It may seem strange that an art from the Near East could have travelled so far inland and manifested itself (as in Luristan) with no apparent signs of early development in more than one place at about the same time. But a significant point to remember is that both Urartu and Luristan (Media) were at that time within the Assyrian administration. The timing of the appearance of Scythian art coincides with the invasions of the
    Assyrians into Syria, Phoenicia and the northern kingdom of Israel. Not only were luxury articles carried away as a result of these invasions, but also craftsmen were deported and put to work in the various Assyrian areas of control. Evidence of this is seen in the flowering of what is called Neo-Assyrian art, the last phase of Assyrian art which is said to have started in the reign of Tiglathpilesar. Another term given by art historians to this new Assyrian style is "Phoenician". It is worth considering that Scythian art (which by its character could carry the name "Phoenician" even more easily) may be evidence not just of the influence of deported craftsmen but of actual population groups deported from the areas of invasion (as was the Assyrian habit when conquering a territory) These groups may have been more than one people of different ethnic origins from the Near East but who had similar or at times indistinguishable art styles.
  • The Medes presumably settled in the Northwest of today’s Iran already at the end of the 2nd millennium BC; their territory was called Media (from Old Persian Màdai). The Medes belonging to the Indo-Germanic language family were related to the Persians in an ethnological as well as linguistic way. They had a polytheistic religion (existence of a plurality of gods or divine creatures) as well as a priest cast that was called magicians.
    About 836 BC, the Medes were for the very first time mentioned in the chronicles of the Assyrian king Salmaneser III. The Assyrians were able to defeat several tribes, which does deem surprising as the Medes were involved in inter-tribal wars. In 715 BC, Daiaukku united the Medes tribes and led them against the army of the Assyrian king Sargon II (ruled 722-705 BC). This plan, however, failed, and Daiaukku was captured; at the same time the Assyrians launched a large-scale deportation programme for the Medes, taking them away from their homelands. Under Phraortes (ruled 646-625 BC), the Medes finally defeated the Assyrians. Later on, Phraortes was killed in a battle against the Scythians invading from the Northwest towards Media. His son Kyaxares (ruled 625-585 BC) resumed this war, and with the help of the Babylonians he was able to expel the Scythians, who had gained then their independence from Assyria under Nabopolassar. Together they moved towards the city of Assur, which was finally defeated in 614 BC; in 612 BC they conquered Ninive. This constituted the end of the power of the Assyrian Empire. Finally, Kyaxares expanded his empire as far as Asia Minor, to today’s Halys (Kizilirmak), which formed the frontier to Lydia upon long-lasting fights. Ekbatana (today‘s Hamadan in the Iran) became the capital of the Medes Empire. Kyaxares’successor was his son Astyages (ruled approximately 585-550 BC). He was able to even further expand his empire because of the Babylonian weakness and then defend his territories against the Persians. It was the Persian vassal king, Cyrus the Great who finally initiated a change. He and his army succeeded in conquering Ekbatana in about 550 BC and dethrone Astyages. From this point on, Media was subordinate to Persia, and the entire Medes power was taken over by the Persian rulers.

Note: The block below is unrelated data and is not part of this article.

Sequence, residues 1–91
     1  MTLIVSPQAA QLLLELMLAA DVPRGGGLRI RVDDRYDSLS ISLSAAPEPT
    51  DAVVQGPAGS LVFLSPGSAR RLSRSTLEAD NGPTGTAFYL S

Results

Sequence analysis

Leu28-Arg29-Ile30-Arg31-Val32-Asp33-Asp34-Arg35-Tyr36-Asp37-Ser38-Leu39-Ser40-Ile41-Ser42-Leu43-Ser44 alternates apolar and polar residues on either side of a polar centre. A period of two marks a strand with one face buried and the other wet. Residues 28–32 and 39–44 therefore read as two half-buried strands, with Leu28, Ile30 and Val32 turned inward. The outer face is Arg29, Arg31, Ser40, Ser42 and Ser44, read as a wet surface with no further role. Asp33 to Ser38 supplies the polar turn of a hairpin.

• The Achaemenid Empire (also called Old Persian Empire) was the first Persian Empire covering the territories of today’s Iran, Iraq, Afghanistan, Uzbekistan, Turkey, Cyprus, Syria, Lebanon, Israel, and Egypt. This empire expanded for the first time under Cyrus the Great, by annexing the Medes Empire. His successors succeeded in obtaining the largest expansion ever, having its zenith in 500 BC and comprising Libya, Greece, Bulgaria, Pakistan as well as areas of the Caucasus, the Sudan and Central Asia. In the year 330 BC Alexander the Great put an end to their reign and rule.
  • The Seleucid Empire developed on the territory of the collapsing empire of the Achaemenides (without Egypt). It belonged to the Diadochi states that had been established a new after the death of Alexander the Great. In the 3rd and 2nd century BC, the empire dominated the Middle East, extending at its zenith from the European Thrace to the Indus valley.
  • The Greek-Bactrian kingdom was a state, which had been founded in the 3rd and 2nd century BC by a Greek governor in Bactria and which expanded towards India. After the Bactria territory had been divided and then lost, it continued to exist in Gandhara as Indo-Greek Kingdom as long as the 1st century BC.
  • The Kushan Empire (occasionally also called Tocharian Empire) was an empire in Central Asia and Northern India, which on its zenith covered between 100 and 250 AD territories from today’s Tadzhikistan to the Caspian Sea and from today’s Afghanistan to the Indus valley and the Ganges-Yamun basin. The empire had been founded by the Indo-Scythians and the Yuezhi, respectively, from today’s Sinkiang. The state maintained diplomatic contacts with the Roman Empire, the Sassanid Persia and the Chinese Empire. The rulers developed a large empire extending from the Aral Sea to western China, to the Persian Gulf across the Sind (today’s Pakistan) as far as Central India. They also integrated into their empire the Indo-Parthian colony in Southern India, from where they had had imported pearls of oysters (Morwârid).

September 2010 – Albi - translated by Hermelinde Steiner - February 2011